The Joy of Reading Rarities

I have already stated my appreciation of the works of John Creasey.  Although not so many of his––hundreds of––books remain in print today, over the years most have been repeatedly reprinted in various, easily-available, paperback versions, such that there is little difficulty––time excepted––in reading the larger part of his oeuvre.

However, there are a few exceptions; a few elusive titles, which were published in their original editions––some 75+ years ago now––and never subsequently reprinted.  I have been pleased to come across several such titles only recently: The Dawn of Darkness, first published by John Long in 1949; Foul Play Suspected, written under his Michael Halliday pseudonym, and first published by Stanley Paul in 1942; and By Persons Unknown, written under his Jeremy York pseudonym and published by Geoffrey Bles in 1941.

bypersonsunknown 1 copy

The Dawn of Darkness is a true oddity.  It is a novel in Creasey’s Dr. Palfrey series, and yet it gets no mention in the recently reissued House of Stratus series on Kindle.  It’s subject matter––as well as its scarcity––may have something to do with this.  I won’t go into details, but the book’s theme perhaps does not resonate so widely with 21st century sensibilities as it might have done when it was first published, even allowing for Creasey’s apparent good intentions.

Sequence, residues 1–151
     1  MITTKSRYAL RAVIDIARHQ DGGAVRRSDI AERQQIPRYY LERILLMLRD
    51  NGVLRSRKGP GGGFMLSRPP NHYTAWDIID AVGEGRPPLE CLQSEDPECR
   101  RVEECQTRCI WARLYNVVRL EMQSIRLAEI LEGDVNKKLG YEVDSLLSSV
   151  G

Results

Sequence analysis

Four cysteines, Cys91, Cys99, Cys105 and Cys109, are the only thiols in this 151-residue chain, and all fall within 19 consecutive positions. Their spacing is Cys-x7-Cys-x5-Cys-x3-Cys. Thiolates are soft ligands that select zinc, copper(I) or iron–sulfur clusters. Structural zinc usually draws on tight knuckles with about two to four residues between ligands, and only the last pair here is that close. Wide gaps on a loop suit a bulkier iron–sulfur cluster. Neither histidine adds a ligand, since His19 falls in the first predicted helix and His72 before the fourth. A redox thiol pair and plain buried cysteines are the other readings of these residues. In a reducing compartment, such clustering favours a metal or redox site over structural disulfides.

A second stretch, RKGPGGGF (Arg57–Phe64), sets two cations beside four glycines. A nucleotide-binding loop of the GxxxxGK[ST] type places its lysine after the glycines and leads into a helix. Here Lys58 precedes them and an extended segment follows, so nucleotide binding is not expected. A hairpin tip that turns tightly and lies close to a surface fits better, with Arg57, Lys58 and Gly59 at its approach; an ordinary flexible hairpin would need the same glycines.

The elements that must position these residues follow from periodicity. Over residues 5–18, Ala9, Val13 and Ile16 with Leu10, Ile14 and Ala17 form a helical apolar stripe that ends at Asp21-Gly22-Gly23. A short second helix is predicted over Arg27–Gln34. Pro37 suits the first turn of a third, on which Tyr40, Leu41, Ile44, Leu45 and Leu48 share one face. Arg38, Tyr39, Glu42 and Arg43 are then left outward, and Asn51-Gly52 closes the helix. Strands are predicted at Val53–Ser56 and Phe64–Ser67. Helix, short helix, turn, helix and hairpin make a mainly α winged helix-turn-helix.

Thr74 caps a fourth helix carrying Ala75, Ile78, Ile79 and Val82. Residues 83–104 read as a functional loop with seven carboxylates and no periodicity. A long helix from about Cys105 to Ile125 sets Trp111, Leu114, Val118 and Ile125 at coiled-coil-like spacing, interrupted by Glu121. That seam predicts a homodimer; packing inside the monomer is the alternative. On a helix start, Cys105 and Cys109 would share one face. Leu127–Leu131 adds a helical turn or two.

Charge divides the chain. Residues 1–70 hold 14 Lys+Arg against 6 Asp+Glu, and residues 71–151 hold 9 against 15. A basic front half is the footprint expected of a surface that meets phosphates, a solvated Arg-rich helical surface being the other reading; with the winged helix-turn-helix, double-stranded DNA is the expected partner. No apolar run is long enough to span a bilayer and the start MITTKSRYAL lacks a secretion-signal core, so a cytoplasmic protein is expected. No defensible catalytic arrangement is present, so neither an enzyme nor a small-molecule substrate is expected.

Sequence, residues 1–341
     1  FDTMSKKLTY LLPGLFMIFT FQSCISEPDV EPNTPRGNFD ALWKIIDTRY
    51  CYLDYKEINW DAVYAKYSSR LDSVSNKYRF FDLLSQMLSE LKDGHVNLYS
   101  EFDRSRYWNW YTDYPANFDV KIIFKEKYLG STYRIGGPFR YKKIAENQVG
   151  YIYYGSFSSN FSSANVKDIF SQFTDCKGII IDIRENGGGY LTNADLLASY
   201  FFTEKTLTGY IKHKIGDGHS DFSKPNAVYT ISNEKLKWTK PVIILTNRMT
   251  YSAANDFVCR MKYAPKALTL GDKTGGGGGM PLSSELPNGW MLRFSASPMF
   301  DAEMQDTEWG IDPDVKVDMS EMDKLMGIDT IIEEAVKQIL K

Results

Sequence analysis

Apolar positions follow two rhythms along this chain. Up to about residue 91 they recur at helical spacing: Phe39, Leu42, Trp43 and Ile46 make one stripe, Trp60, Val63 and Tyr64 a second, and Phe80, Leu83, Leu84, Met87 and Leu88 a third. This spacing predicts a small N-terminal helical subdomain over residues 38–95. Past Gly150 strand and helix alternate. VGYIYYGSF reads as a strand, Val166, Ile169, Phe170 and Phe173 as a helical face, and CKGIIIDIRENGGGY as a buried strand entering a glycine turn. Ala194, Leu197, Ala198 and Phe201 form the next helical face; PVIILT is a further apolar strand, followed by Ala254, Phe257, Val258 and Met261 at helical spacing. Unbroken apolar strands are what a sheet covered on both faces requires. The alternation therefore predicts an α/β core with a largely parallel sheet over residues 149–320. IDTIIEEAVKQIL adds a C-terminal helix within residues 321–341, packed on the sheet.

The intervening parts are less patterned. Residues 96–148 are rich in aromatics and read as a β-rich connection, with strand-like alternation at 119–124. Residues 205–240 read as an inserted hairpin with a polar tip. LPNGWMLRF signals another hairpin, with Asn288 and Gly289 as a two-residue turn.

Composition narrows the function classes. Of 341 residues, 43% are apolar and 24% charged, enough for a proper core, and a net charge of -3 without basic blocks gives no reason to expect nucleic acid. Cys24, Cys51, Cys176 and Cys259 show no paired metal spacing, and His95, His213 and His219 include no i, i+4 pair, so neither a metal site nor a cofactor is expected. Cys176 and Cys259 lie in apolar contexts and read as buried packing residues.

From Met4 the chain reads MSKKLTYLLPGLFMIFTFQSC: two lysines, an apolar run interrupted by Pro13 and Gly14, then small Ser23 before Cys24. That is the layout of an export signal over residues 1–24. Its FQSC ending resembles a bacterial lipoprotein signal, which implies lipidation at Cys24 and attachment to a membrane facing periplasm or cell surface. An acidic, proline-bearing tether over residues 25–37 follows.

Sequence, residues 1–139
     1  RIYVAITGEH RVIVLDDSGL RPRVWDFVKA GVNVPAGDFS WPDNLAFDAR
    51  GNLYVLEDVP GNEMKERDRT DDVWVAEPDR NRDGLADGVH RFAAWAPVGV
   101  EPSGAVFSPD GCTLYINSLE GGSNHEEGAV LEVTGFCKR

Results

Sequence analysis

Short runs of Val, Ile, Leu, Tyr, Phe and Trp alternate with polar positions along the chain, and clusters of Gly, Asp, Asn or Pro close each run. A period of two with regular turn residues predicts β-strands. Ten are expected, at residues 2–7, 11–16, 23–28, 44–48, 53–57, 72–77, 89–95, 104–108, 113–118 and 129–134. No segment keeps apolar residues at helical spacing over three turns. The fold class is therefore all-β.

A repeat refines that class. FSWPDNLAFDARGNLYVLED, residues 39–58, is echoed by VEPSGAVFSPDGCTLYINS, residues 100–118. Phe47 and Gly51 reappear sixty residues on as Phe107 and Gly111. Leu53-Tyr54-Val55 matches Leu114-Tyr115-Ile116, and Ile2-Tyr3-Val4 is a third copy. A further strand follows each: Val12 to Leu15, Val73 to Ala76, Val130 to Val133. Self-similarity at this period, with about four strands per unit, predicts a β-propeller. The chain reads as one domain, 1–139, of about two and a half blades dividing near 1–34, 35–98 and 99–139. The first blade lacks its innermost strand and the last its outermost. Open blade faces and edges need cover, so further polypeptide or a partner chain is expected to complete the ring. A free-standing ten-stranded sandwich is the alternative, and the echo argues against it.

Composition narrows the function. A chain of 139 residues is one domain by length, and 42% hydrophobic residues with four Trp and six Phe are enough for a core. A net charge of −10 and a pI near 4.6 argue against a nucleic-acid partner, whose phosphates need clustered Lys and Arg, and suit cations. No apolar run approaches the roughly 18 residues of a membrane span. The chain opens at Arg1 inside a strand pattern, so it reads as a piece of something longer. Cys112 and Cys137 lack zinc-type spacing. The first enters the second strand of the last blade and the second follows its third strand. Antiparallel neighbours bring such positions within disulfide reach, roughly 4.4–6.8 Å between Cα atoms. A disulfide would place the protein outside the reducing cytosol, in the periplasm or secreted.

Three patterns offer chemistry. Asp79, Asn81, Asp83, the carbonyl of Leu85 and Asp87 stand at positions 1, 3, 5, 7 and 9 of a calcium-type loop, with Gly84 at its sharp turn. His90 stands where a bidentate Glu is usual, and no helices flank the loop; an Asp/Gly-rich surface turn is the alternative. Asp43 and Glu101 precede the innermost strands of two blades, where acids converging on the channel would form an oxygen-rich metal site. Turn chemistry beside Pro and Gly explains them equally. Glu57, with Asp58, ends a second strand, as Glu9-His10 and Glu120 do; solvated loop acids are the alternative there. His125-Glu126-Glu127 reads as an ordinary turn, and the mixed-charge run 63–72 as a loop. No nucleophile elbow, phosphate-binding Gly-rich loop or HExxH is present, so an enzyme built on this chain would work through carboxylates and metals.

dawnofdarkness copy

Foul Play Suspected and By Persons Unknown are both more comfortable reads.  Both are more straightforward crime thrillers, the first involving the disappearance of a young woman, the second a murder in a large house, and both have solutions that evoke the wartime period during which they were written.

foulplaysuspected copy

The Dawn of Darkness and Foul Play Suspected have terrific, evocative dustwrapper designs, whilst the wrapper for By Persons Unknown is a photographic representation of a scene from the book, and typical of Bles’ style at the time.  Being able to see these original wrappers only adds to the enjoyment of reading these scarce editions.

© Fergus Longfellow


Fergus Longfellow continues his pursuit of rare reads.


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